As part of the Tatler SOS Experts’ Corner, we delve into the subject of legal arrangements surrounding relationships. Here, Elizabeth Hicks and Alexie Bonavia from Family Law in Partnership share advice on collaborative prenups and what they mean.
The prospect of mentioning a ‘prenup’ in the run up to a wedding can feel like a betrayal of a couple’s love and commitment to a future life together. It is natural to feel that the ‘business and legality’ of participating in a negotiated agreement is awkward and potentially one-sided.
However, the reality is that dynastic wealth and family trusts need protection. Whilst prenuptial agreements are now openly discussed in common parlance, there is still an uncomfortable feeling for many to admit to having gone through the process. This perception is slowly changing as the reality of the divorce statistics cannot be ignored.
A new phenomenon is, however, taking place within the London family law world. The so-called ‘collaborative prenup’ is becoming increasingly popular- it allows the couple to take control of the process together as opposed to relying on their respective family lawyers to drive the negotiations forward. Most people are aware of the traditional method used by family lawyers to negotiate and enter into such agreements; however, the collaborative prenup provides a refreshingly niche, modern, and exclusive way of approaching these agreements.
Protection of wealth is now being discussed in a more open and collaborative manner, giving both parties the opportunity to articulate their views in a clear and transparent way with their partner and their respective lawyers.
This new collaborative method is not, as yet, widely offered and only a handful of top London family lawyers are trained in the collaborative process. In our experience, it is most commonly used by high-net-worth and ultra-high net worth clients, whose priority is to preserve confidentiality and protect their privacy whilst also permitting the involvement of their wider team of trusted advisers (trustees, accountants, specialist financial advisers etc) in the negotiation process to provide additional guidance and direction.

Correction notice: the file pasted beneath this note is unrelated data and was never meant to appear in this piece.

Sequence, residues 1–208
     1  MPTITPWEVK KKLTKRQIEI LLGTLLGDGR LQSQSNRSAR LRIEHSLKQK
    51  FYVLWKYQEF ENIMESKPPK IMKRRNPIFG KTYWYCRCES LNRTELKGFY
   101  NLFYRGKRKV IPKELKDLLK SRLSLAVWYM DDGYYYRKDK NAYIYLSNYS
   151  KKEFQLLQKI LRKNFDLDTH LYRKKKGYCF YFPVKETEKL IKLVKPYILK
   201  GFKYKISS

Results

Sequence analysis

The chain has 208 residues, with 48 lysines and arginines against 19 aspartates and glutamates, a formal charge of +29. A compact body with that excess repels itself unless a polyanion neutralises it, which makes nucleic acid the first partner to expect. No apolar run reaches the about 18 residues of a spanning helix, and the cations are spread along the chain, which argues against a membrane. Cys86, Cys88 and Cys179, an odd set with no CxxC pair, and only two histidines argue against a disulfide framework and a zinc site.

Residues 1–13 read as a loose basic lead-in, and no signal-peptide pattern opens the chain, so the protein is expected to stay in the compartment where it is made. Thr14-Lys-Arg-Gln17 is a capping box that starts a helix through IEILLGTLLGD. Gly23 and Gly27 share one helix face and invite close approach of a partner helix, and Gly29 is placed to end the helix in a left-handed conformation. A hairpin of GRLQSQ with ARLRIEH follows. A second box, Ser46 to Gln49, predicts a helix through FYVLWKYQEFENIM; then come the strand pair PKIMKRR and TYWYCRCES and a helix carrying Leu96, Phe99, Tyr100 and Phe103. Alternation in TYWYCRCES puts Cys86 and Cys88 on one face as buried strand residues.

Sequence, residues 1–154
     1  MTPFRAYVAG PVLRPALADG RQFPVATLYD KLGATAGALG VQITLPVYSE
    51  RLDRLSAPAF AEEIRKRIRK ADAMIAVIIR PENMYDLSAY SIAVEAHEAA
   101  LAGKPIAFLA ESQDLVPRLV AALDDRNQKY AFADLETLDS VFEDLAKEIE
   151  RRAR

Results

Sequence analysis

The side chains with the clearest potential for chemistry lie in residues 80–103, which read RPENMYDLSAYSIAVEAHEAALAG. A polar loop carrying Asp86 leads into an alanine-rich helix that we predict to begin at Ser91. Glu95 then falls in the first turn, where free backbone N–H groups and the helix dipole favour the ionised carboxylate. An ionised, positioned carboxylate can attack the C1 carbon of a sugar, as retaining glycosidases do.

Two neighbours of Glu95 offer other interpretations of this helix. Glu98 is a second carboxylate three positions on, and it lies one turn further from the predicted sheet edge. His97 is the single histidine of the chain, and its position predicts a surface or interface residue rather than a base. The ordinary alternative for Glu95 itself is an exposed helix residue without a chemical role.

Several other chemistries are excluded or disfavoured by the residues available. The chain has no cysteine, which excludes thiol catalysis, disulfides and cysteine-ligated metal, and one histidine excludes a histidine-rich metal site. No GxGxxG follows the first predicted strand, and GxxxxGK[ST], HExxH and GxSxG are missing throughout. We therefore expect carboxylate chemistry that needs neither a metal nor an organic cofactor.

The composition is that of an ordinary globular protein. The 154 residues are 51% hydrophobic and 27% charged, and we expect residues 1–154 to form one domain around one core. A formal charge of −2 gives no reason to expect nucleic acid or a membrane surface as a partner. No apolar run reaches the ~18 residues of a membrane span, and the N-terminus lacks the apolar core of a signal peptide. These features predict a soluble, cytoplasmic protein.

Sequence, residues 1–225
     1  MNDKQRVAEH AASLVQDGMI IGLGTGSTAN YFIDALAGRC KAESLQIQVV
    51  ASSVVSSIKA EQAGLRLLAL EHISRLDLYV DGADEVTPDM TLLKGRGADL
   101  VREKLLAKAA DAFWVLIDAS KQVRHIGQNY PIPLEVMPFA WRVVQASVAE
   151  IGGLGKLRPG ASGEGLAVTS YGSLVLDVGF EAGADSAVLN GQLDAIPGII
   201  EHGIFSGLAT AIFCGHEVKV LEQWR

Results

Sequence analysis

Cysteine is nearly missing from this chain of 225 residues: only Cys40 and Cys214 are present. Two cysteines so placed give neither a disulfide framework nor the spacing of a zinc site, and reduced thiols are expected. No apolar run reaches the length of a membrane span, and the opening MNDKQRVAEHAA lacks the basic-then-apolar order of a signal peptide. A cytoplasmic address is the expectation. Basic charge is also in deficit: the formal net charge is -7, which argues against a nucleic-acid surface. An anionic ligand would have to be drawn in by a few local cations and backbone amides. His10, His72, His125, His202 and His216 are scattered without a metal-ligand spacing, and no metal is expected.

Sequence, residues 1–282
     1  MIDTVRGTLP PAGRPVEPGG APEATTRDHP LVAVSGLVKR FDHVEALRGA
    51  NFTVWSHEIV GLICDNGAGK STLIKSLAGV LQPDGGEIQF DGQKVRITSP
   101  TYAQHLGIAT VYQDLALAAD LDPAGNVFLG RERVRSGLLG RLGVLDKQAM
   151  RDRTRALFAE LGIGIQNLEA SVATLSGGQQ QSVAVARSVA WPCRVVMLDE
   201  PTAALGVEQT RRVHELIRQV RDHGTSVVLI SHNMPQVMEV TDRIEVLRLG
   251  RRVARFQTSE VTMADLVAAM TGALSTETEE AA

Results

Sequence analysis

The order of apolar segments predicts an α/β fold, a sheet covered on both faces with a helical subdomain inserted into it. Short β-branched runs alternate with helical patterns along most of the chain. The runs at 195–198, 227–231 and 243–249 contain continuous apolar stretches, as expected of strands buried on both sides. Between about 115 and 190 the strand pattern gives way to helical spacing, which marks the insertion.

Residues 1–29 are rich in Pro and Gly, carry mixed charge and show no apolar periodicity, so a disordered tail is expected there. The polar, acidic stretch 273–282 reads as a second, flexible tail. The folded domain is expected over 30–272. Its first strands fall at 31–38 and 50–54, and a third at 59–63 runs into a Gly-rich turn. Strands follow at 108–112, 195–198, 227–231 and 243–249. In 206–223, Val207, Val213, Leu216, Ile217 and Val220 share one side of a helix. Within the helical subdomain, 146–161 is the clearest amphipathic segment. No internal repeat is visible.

The benefits of the collaborative method versus the traditional model are unequivocally clear: the process is driven entirely by the couple and not by their respective lawyers, allowing the couple to reach an agreement in a respectful (and collaborative) manner. It also tends to promote creativity (in terms of how and when the sessions take place and which specialist advisers should attend); indeed, for many couples, the process can be a cathartic experience where many important aspects of their future life and relationship together can be discussed openly addressing issues which may previously have been brushed aside or simply avoided.
Furthermore, since the collaborative process requires a series of sessions, couples are invariably more relaxed and comfortable by the time an agreement is signed as to the terms agreed and in respect of the wider implications of the agreement itself. The reality is that as the couple will have spent time and effort discussing the terms of the agreement in an open and transparent manner, there will be less opportunity for the agreement to be challenged at a future stage in the event of divorce (each session will have been properly documented and recorded).
Unsurprisingly, the wealthier spouse will be pleased to have taken steps to protect their wealth and the less wealthy spouse will also stand to benefit by having protected their own position, thereby avoiding uncertainty in the event of possible future divorce.
For these reasons, in the run up to a wedding a collaborative prenup offers an attractive and modern mechanism for dealing with the often awkward and uncomfortable discussions concerning the protection and division of wealth in the event of a future divorce.
For more gold-standard guidance on prenups visit the Tatler High Net Worth Address Book